EXAM 1- STUDY GUIDE
EXAM 1- STUDY GUIDE ISS 310
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This 5 page Study Guide was uploaded by Alexandra Torres on Tuesday September 29, 2015. The Study Guide belongs to ISS 310 at Michigan State University taught by Dr. Lucero Radonic in Fall 2015. Since its upload, it has received 289 views. For similar materials see People and Environment (I) in Social Work at Michigan State University.
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Date Created: 09/29/15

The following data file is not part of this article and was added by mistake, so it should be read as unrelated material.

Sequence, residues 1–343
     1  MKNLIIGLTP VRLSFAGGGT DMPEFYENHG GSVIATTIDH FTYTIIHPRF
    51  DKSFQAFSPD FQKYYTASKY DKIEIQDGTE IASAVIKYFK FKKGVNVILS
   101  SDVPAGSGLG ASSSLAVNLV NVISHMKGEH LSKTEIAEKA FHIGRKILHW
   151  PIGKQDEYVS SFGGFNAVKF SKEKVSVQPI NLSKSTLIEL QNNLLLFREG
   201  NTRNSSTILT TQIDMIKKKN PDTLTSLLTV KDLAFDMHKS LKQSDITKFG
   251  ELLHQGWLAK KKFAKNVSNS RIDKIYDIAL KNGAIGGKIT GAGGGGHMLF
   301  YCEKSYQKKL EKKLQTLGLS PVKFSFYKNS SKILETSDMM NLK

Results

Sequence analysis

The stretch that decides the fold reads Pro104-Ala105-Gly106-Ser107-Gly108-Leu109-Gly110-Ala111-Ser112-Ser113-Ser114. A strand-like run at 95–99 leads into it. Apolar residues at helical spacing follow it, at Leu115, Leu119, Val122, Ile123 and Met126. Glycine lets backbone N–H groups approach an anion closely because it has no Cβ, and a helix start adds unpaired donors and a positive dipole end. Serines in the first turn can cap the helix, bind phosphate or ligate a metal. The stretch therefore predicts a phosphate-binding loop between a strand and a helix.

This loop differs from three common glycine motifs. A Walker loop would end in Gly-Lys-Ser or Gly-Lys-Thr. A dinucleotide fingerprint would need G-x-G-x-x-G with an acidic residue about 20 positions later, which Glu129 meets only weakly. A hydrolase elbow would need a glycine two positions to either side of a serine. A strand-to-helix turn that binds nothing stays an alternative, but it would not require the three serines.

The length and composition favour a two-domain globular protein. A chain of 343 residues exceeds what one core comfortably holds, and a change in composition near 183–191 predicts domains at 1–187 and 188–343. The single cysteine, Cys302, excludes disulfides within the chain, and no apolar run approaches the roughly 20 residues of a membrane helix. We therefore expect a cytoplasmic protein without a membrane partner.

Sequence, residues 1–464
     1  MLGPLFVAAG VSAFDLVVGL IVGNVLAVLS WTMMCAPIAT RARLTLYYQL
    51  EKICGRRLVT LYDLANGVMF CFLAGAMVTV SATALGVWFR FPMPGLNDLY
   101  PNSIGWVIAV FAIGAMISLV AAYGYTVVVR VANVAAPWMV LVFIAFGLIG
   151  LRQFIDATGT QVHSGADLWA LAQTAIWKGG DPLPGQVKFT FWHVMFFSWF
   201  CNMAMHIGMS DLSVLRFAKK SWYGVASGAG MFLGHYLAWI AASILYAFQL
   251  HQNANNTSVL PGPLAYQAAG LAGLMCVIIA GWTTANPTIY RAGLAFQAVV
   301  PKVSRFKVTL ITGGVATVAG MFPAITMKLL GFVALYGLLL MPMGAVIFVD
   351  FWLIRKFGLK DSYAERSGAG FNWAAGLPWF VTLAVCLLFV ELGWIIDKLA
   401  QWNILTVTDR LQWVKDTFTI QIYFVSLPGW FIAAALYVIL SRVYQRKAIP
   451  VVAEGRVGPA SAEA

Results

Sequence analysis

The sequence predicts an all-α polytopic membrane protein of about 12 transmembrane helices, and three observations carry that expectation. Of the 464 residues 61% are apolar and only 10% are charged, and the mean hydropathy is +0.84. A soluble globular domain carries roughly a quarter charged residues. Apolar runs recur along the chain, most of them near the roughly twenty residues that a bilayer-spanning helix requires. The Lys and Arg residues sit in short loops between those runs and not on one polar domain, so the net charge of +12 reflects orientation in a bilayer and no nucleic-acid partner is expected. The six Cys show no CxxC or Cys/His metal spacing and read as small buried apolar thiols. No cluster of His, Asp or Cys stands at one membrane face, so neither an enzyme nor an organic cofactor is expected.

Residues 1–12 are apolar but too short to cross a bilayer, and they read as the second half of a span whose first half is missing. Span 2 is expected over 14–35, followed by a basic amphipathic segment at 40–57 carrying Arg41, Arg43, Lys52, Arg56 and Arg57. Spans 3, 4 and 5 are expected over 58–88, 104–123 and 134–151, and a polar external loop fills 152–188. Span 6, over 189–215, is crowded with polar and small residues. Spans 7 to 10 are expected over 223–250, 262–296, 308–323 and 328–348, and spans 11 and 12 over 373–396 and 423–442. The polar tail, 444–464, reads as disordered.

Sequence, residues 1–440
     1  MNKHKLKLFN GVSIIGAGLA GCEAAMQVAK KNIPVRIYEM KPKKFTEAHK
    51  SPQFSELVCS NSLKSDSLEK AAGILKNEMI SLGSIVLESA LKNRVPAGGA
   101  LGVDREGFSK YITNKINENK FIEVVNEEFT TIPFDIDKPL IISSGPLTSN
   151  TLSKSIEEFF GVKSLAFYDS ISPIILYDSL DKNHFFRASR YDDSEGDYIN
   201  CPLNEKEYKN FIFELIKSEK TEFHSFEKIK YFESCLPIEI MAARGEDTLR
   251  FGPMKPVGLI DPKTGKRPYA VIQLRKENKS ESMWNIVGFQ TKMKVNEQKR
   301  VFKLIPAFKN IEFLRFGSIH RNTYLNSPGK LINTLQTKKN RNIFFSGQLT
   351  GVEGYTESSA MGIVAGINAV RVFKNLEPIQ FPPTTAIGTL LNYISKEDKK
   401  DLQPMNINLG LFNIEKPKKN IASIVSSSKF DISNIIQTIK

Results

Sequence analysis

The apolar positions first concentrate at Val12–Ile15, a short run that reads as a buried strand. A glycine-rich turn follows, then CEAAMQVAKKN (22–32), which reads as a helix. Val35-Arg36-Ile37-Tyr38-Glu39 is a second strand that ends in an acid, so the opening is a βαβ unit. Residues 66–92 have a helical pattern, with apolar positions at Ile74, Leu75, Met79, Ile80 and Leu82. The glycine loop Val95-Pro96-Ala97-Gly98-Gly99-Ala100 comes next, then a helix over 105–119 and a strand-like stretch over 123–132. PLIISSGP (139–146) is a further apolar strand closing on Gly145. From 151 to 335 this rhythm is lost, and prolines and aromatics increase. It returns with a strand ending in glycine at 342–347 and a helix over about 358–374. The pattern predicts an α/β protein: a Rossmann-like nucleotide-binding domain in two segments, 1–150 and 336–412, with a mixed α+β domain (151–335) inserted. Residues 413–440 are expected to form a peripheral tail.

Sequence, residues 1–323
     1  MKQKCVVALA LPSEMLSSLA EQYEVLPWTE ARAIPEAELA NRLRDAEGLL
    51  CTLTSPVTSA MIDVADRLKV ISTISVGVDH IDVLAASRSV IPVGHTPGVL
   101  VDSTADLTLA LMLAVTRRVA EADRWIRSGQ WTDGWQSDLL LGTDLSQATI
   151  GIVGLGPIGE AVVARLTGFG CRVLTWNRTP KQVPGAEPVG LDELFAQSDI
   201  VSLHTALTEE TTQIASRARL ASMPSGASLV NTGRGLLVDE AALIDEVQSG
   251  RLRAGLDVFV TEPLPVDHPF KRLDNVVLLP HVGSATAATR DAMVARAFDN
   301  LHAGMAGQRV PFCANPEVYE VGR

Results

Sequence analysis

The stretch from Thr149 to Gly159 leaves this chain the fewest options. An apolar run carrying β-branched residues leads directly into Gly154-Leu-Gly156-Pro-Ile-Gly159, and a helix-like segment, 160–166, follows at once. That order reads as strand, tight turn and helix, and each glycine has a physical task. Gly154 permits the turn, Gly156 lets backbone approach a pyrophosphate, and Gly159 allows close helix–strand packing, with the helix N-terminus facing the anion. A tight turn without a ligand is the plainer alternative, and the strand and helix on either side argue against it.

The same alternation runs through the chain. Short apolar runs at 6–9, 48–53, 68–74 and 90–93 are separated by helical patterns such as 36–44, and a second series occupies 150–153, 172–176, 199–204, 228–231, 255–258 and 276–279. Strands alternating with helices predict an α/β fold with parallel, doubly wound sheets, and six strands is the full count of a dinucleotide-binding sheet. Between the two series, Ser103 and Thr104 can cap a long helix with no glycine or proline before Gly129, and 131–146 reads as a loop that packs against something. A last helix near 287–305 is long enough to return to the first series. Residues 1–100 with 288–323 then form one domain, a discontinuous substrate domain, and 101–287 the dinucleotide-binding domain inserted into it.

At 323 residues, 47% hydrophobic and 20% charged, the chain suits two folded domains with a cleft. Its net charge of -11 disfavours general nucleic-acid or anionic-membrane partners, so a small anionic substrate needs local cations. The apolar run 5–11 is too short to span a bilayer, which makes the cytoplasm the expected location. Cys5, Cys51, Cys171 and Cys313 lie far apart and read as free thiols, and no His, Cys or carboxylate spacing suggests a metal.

I55 310 STUDY GUIDE EXAM 1 What is anthropology The study of human diversity across time and space Biology society language and culture Unilineal Evolution mid 1800 The theory that hypothesized that all societies evolve quotalong a common track from barbarism to literate civilizations A societies would pass through the same basic sequence of stages starting from hunting and gathering Example Colonizers believed that the places they colonized where at an early stage in this evolution so they wanted to make those cultures resemble western civilization FRANZ Boas 18481942 Proposed the idea to understand other cultures 1 Biological race does not exist 2 Change occurs in response to current pressures and opportunities KEY TERMS o Ethnocentrism To judge a culture using one own cultural standards and values 0 Cultural relativism An individual s beliefs and practices should be understood by other in terms of the individual39s culture 0 Holism Commitment to study the full scope of human life across space and time A crosscultural and comparative approach 0 Culture System of knowledge beliefs patterns of behaviors artifacts and institutions that are created learned and shared by a group of people Culture is not biological it is symbolic shared and constantly changing o Enculturation The process of learning culture 0 Cultural relativism Questions if ethnocentrism is wrong or right The four fields in Anthropology Physical or biological Archeology Linguistic anthropology Cultural anthropology Focus of the class Study of social and cultural similarities and differences It is global includes rural and nonrural areas It has a bottom up approach Begin studying people and patterns of human life at the local scale PWP Understanding economies Economies are cultural systems that allows you to survive Economy helps us adapt to the environment Key terms Mode of production The various ways in which people produce the means of subsistence to survive This includes social relations of production that indicate how labor is displayed and how they are managed Means of production The tools we use to produce Land wood machinery etc Adaptive strategies Main system of economic production 1 Foraging Main adaptive strategy Reliance of nature Hunting fishing and gathering Many indigenous population still use this 0 Foragers Live in small social groups This groups are seminomads They move with the seasons They share resources There is not much differentiation between social classes 2 Horticulture Refers to shifting cultivations or domestication of plants 0 It is enough for a family but not for an entire population 0 There is trade and exchange 3 Agriculture Complete intense production of domesticated plants Systems for food production Animal domestication Use animals for Food production Irrigation Terraces Intensive fertilization People are sedentary They are able to feed a large population Labor intensive This system creates a ranked social organization Diversification and stratification of labor 4 Pastoralism Domestication of animals Supplemented by hunting You can be a nomad or you can be transhumance Which means that only the people that take care of the animals move Also live in small groups 5 lndustrialism NOTE Adaptive strategies 1234 are not exclusive nor linear Forms of distribution and exchange Reciprocity You don t expect an immediate return but eventually you will get the favor back There are 3 forms of reciprocity o Generalized o Balanced 0 Negative Redistribution Money that is redistributed for a common good Example taxes are system of redistribution because you give money that then is distributed for things that we all use Market exchange Standardized and common medium of exchange What we call money The Green revolution Refers to a series of development and technology initiatives that increased agricultural production worldwide 0 Two perspectives in the green revolution 0 Technical The creation of bioengineered seeds This seeds will produce more food but need more water and fertilizers Created more variety of seeds Increased crop yields of basic cereals like rice and wheat o Anthropological perspective The green revolution is the adoption of modern agricultural practices in less technologically developed countries NOTE READ CLASS NOTES FROM LECTURE 3 TO KNOW DETAILS AND HISTORICALPOLITICAL BACKGROUND ABOUT THE GREEN REVOLUTION The blue revolution Refers to the emergence of aquaculture productive agricultural activity Blue revolution means that we can also cultivate the ocean Human Adaptability Strategies Cultural systems of adaptation to the environment We use resources to survive oEvolutionary adaptation Genetic adaptation Changes in gene frequency that will help you adapt a particular environment Example Charles Darwin Natural selection Survival of the fittest not survival of the fit person it means survival of the most reproductive Some individuals have a genetic advantage that help them reproduce in certain environments Meaning that thy will be able to transmit their genes Non genetic forms of adaptability Phenotypic plasticity the ability of an organism to change in phenotype because of the environment Interaction between the environment and the genotype We change something in our external appearance or behavior with the environment Example growing a six pack Human adaptability focuses in how we change in environment to survive 0 Culture is highly adaptive 0 Most environments have been modifies by humans 0 Cultures influence other cultures 0 Environment does not dictate culture but it influences it Environmental determinism People who live in the same environment should have the same culture Cultural Ecology Study how society adapts to the environment and cultural adaptation to the environment Multilinear evolution The study of human adaptations to social and physical environments Reflects on both biological and cultural processes that let us survive Cultures produce subsistence adaptations Societies progress at different paces Unilineal evolution is unproved unilineal evolution definition page 1 ECOLOGICAL ANTHROPOLOGY Study the role of cultural practices and beliefs in enabling human populations to adopt to environment and maintain undegraded local ecosystem o The ecosystem concept Humans are part of the ecosystem What influence animals also influence us We are not only part of the environment but we are also part of the larger ecosystem The human adaptability horticulture agriculture foraging pastoralism and industrialism change over time coexist and influence each other Today industrialism is the main form but the rest of the adaptability form coexist with it GLOBALIZATION Worldwide intensification of the interaction and increased flow of money people good and ideas The idea of being interconnected is not new but the intensification of it is Distant locations are linked We get to know news from distant places Local events are also influences by things that happen in other places NEW ECOLOGICAL ANTHROPOLOGY We are interested in understanding culturally informed solutions to issues as resources access environmental degradation environmental racism and the role of the media and NGOs etc Holistic approach POLITICAL ECOLOGY Studies power relations shaping environmental access management and transformation Study of the relationship between political economic and social issues with environmental problems and modifications THE MYTH OF WILDERNESS Wilderness is a human creation Ideas of wilderness have changed over time Before wilderness was quota black nothing but today is a space to find ourselves It challenges western environmental thoughts 0 Political ecology s is influences by wilderness WHAT CAUSES A DISASTER 0 Social structures that generate unequal exposure to risks that make people more prone to hazards than others Social structure gender class ethnicity age etc o Vulnerability A measure of the degree and type of exposure to a risk Basically we are all affected differently by disasters depending on our political influences The disaster happens when the natural event hits vulnerable people DISASTERS DO NOT AFFECT PEOPLE EQUALLY POLITICAL ECOLOGY VS APOLITICAL ECOLOGY Apolitical ecology oView systems as nonpolitical oBlame proximate and local forces oClaims to be objective Types of apolitical ecology Environmental determinist environment determines culture Environment determines morality The more complex cultures show superiority Read previous notes 1 This naturalized the segregation of people 2 Dismissed colonial domination and extermination 3 Dismiss the influence of human and nature We do not shape nature nature shape us ECOSCARCITY Human population will grow until we exceed the carrying capacity of the environment We will not have enough food production for everyone RESULT starvation disease etc THOMAS MAKTHUS and PAUL EHRLICH Blamed the poor for having too many children 0 Main assumption Population growth will never stop Dismissed the effects of affluence technology and human adaptability FREE MARKET Encourage competition and efficiency in resource use POLITCAL ECOLOGY FACTS 0 Environment has been shaped by humans directly or indirectly 0 Locals are always connected to regional and global political and economic processes 0 Cost and benefits are distributed unequally Not everyone wins and not everyone loses 0 Relationship across scales from workers to CEOs 0 Identifies structural causalities What causes a specific event Evaluate processes 4 thesis in political ecology 1 Degradation and marginalization How farmers adopt to the environment Social adaptations help people survive Thesis Local production system start overexploiting natural resources as a response to state development interventions 2 Conservation and control thesis Conservation has taken away the control from local producers This affects livelihood and social structures Think What are the effects of conservation 3 Environmental conflict thesis Explain environmental access Environmental conflicts are part of gendered classes and raced struggles 4 Environmental identity thesis Political and social struggles are linked to issues of livelihoods and environmental protection Create social organizations in reaction to unfair situations NOTE READ MY LECTURE NOTES FOR MORE DETAILED INFORMATION